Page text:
• The estimation of carrier frequency offset is further addressed by M. Speth, S. Fetchel, G. Fock and H. Meyr in “Digital Video Broadcasting (DVB): Framing, Structure and Modulation for Digital Terrestrial Television,” ETSI EN 300744, v1.4.1, January 2001 (hereinafter “Speth, et al.”), and in a case study entitled “Optimum Receiver Design for OFDM-Based Broadband Transmission—Part II: a Case Study,” IEEE Transactions on Communications, vol. 49, no. 4, pp. 571-578, April 2001, which are incorporated herein by reference. Speth, et al. provides a case study for a receiver for the DVB standard. Continuous pilot tones transmitted on fixed positions for the OFDM symbols are described to correct carrier frequency offsets that are a multiple integer of a tone. It should be understood that the DVB standard is a broadcast system, wherein base stations transmit or broadcast the same information simultaneously to multiple receivers. As a result, it is not necessary for receivers using the DVB standard to distinguish between different base stations.
  • Base stations generally broadcast continuously and employ the frequency division duplex system (i.e., separate channels are used for downlink and uplink). A mobile station in such an environment faces the task of synchronizing with a desired base station in the presence of interference from adjacent base stations. Regarding next generation communication systems (e.g., 3.9G or 4G systems), interfrequency handover (handover from one frequency subband to a different frequency subband) may be an important consideration. Obtaining fast and accurate synchronization between a mobile station and a base station is advantageous. The base stations rely on the uniquely identifiable transmitted signals (e.g., the pilot tones) to allow a mobile station to synchronize to a targeted base station in the overage area.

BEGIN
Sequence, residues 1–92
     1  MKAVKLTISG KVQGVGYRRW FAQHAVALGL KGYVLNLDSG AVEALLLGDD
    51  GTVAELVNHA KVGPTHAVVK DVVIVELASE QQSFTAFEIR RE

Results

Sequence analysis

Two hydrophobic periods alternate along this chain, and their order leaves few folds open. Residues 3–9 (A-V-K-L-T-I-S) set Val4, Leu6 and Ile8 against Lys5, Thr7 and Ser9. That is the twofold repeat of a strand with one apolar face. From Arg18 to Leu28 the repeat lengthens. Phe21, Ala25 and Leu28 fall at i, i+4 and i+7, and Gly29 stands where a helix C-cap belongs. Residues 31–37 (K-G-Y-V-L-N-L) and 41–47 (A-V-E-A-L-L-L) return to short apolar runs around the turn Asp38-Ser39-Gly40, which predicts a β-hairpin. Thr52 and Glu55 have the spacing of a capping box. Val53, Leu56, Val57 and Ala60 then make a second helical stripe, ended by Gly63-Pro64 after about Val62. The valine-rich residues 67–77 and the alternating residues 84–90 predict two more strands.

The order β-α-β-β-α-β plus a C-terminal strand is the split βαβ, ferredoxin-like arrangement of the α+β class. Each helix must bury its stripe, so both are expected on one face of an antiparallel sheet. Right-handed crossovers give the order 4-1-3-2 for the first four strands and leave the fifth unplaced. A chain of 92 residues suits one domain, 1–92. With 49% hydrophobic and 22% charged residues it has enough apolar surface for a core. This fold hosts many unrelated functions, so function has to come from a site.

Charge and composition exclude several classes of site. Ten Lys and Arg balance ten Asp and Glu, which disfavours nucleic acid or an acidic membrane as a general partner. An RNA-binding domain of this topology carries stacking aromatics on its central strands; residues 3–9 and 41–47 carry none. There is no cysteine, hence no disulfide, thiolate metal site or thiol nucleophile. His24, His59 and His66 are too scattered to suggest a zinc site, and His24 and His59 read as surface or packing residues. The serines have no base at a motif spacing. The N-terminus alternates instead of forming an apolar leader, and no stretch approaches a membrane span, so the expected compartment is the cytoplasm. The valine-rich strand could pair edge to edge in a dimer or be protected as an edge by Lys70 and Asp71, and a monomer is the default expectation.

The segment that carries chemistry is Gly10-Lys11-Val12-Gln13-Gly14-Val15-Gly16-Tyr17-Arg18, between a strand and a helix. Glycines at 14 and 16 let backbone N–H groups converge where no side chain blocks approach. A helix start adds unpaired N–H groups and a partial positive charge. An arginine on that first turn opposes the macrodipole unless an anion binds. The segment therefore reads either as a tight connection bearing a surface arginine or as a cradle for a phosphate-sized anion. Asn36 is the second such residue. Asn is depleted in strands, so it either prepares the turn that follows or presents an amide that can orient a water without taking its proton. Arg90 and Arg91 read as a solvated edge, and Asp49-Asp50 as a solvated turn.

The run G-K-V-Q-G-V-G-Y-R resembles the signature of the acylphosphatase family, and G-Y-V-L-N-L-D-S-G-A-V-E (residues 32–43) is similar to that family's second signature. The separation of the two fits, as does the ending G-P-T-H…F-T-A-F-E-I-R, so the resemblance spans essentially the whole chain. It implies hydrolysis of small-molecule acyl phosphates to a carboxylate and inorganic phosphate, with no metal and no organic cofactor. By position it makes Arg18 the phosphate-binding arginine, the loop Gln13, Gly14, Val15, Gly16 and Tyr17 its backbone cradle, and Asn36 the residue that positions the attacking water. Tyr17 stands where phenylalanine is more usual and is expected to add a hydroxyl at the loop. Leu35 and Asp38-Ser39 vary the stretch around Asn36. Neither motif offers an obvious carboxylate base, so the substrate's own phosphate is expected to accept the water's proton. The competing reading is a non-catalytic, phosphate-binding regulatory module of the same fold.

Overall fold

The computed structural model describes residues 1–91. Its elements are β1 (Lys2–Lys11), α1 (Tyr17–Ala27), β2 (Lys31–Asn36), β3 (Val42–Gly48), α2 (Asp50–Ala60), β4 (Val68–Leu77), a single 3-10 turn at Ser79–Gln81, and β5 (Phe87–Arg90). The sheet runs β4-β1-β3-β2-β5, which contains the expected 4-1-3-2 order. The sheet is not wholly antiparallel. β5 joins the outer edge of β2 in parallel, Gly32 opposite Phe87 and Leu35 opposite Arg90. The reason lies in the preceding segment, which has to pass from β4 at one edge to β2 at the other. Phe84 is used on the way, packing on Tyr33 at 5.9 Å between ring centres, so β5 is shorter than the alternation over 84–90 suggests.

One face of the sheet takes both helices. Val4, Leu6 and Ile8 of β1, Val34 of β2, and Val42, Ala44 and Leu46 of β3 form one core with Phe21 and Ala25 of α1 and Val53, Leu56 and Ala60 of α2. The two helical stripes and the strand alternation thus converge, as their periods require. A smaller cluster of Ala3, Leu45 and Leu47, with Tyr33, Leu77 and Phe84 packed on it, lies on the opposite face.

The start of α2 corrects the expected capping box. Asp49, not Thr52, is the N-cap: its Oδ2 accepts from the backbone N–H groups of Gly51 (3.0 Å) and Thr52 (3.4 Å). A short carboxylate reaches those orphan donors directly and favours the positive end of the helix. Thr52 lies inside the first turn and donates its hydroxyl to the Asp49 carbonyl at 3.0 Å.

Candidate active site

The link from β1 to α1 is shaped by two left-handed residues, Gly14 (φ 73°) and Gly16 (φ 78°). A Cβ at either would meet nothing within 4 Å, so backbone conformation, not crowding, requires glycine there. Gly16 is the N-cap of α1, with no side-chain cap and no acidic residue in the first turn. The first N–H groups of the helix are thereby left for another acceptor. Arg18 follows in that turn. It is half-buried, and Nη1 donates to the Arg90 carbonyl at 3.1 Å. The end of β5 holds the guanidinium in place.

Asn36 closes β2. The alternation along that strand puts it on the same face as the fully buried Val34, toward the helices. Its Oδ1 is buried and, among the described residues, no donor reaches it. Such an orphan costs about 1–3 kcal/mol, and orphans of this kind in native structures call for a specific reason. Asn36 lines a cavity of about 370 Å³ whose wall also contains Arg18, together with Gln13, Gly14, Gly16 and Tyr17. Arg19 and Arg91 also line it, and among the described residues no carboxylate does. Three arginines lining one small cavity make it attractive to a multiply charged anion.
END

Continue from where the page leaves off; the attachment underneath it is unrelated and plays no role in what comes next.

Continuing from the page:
• In the synchronization process, the receiver of the mobile station does not know the channel parameters or the delays for the propagation paths as described above as well as carrier frequency offset. The synchronization process can be described as follows. A base station “k” typically has pilot tones on positions given by a fixed set {Setk} of pilot tone frequencies and the OFDM communication system typically uses discrete inverse and direct Fourier transforms of size N to produce transmitted signals. When a receiver performs the initial synchronization, the initial offset between the carrier frequency of the transmitting base station and the receiver of the mobile station is assumed to be no more than some limiting frequency difference dFmax tones. Thus, the receiver of the mobile station typically searches in a range [−dFmax, dFmax] around the nominal base station transmitter frequency to lock onto the desired base station.